There are no war graves in Godney. However, like Dinder, it formed part of the war lines, and the landscape includes a number of pill boxes at either end.
The Godneys are surrounded by flat, drained marshland and the natural ditches formed the basis of tank defences during the Second World War. These were supplemented with a purpose-built anti-tank ditch around the village, while bridges in the area were prepared for demolition at short notice.
The Godneys are a great place for walking and cycling, particularly as the ground is so level. The views south to Glastonbury Tor and north to the Mendips are well worth it.
Wedged between the Somerset link roads of the A37/A39 and A362 lies the unassuming village of Farrington Gurney.
As you might guess from my previous posts, it was the village name that drew me in. The Doomsday Book mentions the village of Ferentone, while Gurney is thought to come from the de Gournay family, who owned the lands in the 12th and 13th centuries.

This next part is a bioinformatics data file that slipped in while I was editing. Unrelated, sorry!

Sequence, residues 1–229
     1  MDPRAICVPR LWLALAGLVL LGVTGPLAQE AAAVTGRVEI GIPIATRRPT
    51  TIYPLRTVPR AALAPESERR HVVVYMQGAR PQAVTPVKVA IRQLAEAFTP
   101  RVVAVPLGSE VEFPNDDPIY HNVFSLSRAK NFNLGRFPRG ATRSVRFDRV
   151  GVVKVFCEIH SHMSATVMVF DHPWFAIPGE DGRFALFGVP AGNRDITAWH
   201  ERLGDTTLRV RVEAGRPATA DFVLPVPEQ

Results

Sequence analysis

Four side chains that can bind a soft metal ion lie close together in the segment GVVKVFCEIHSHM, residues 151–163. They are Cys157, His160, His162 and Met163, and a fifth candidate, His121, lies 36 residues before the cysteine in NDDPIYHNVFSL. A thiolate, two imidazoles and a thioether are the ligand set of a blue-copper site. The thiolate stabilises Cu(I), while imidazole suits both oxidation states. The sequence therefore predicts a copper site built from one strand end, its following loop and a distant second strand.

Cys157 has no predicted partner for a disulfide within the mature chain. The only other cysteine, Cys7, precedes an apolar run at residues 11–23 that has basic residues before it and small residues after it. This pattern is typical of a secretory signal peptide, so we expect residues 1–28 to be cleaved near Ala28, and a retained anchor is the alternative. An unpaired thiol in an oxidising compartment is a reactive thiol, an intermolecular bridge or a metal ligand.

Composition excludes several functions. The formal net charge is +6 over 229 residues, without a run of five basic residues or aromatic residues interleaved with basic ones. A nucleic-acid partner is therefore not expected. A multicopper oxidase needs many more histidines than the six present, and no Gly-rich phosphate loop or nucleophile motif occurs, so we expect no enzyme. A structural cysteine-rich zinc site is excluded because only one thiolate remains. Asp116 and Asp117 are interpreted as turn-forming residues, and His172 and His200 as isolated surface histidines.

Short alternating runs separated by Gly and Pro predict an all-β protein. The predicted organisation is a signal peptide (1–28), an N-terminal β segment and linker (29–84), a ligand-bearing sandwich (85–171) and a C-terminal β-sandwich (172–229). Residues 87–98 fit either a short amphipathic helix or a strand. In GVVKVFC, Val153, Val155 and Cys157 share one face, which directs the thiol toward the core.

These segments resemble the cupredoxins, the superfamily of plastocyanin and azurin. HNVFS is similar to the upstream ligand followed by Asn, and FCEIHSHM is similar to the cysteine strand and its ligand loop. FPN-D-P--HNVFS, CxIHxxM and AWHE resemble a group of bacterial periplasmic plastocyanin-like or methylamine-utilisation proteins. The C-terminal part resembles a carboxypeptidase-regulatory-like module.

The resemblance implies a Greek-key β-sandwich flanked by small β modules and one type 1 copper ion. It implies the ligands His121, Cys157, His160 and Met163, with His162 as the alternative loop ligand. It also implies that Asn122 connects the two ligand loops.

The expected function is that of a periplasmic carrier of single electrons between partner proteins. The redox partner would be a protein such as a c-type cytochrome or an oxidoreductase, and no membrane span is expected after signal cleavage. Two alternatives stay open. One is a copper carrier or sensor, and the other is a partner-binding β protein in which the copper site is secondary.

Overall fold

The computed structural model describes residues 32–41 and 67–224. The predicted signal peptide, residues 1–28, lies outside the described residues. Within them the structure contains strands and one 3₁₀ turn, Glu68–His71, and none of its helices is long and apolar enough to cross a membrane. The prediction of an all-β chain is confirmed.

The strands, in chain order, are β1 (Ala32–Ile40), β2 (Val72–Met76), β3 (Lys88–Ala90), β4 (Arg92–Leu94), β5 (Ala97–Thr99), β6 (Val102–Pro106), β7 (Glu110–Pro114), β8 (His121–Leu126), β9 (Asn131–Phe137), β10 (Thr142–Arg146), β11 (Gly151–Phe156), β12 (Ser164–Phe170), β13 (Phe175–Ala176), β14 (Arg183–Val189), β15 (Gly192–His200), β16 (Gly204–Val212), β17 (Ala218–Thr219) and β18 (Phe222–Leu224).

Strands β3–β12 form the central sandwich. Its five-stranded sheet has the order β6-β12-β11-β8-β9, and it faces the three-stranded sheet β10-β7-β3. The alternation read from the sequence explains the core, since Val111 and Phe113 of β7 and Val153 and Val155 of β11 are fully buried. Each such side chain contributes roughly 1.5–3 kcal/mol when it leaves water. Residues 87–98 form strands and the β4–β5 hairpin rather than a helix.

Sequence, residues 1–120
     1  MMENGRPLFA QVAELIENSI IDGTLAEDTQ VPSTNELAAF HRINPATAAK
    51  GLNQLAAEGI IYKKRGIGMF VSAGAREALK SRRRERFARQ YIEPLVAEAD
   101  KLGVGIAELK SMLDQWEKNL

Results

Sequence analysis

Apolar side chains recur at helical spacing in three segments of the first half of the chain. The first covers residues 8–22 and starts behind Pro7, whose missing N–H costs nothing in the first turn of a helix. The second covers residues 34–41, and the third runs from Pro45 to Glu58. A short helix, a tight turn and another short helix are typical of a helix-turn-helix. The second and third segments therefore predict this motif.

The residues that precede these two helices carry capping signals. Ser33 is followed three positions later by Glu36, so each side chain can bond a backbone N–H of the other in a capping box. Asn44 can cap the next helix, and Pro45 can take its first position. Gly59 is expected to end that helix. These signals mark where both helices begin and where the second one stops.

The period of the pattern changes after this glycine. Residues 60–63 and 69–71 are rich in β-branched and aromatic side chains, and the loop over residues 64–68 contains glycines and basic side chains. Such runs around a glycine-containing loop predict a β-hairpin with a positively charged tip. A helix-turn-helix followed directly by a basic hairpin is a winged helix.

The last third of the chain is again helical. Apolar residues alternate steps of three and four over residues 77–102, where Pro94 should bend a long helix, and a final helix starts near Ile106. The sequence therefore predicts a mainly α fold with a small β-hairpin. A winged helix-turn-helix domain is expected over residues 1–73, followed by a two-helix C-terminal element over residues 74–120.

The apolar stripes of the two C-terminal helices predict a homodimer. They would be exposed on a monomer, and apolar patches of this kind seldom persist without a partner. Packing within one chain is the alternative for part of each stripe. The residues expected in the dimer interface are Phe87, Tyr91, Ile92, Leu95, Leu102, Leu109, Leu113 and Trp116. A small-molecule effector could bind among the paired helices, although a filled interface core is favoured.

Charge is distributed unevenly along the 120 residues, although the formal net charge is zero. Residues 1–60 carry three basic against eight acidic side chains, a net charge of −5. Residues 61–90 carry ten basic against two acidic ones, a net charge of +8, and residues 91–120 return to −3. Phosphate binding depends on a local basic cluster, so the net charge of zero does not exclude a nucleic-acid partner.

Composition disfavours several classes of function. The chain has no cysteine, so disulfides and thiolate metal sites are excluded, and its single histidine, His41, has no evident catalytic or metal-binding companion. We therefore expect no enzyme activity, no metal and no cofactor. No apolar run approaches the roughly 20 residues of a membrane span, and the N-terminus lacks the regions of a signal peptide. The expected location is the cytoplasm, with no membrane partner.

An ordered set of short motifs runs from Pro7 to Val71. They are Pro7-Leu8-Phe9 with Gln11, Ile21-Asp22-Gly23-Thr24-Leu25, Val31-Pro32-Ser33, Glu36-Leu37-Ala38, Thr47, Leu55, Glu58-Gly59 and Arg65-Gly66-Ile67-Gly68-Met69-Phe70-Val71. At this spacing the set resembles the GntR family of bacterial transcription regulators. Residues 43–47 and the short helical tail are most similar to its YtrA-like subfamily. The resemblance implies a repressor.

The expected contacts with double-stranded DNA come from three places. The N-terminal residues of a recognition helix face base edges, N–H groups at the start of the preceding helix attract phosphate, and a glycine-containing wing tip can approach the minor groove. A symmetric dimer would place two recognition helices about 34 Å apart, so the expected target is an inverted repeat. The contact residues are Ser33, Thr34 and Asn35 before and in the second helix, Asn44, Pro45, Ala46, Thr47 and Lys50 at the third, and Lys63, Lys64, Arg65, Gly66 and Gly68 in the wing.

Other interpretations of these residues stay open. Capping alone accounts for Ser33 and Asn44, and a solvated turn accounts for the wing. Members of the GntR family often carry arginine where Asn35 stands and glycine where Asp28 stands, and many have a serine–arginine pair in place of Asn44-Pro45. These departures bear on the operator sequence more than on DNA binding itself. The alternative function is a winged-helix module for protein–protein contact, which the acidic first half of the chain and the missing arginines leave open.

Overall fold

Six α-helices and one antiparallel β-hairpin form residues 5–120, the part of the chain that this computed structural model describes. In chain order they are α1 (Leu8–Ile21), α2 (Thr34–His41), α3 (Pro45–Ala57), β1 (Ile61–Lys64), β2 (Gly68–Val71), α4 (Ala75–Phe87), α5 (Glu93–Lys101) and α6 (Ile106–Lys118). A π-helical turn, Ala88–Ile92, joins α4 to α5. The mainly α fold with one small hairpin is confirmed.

The village owed a lot to the coal industry. There were three pits in Farrington itself, with a further two in neighbouring Midsomer Norton.
The majority of the houses are old, dressed stone, although as time has passed, newer properties have filled in the gaps between them; on the outskirts – just off the A37 – new buildings have started to sprout up.
As you might expect, a manor house is at the heart of the village – hidden behind high stone walls, is a large property dating back to 1637, which you can only see from tantalising glimpses in the tree line.
The village church – dedicated to St Jon the Baptist – is set in open fields around a mile from the village itself. It’s a small parish – there are less than 1000 residents – and the church is easily visible from form the village (and, more importantly, the manor house, the owners of which presumably paid its construction).
It’s a beautiful little church, though, and its peaceful location adds to the calm surroundings.
One war grave sits quietly in the churchyard, that of Gunner Watts – my next post will talk more about his life.
Farrington Gurney is a lovely little village; there’s a bit of a juxtaposition between the old and the new, and the proximity to two main roads can jar a little, but it fits in to the A-Z nicely.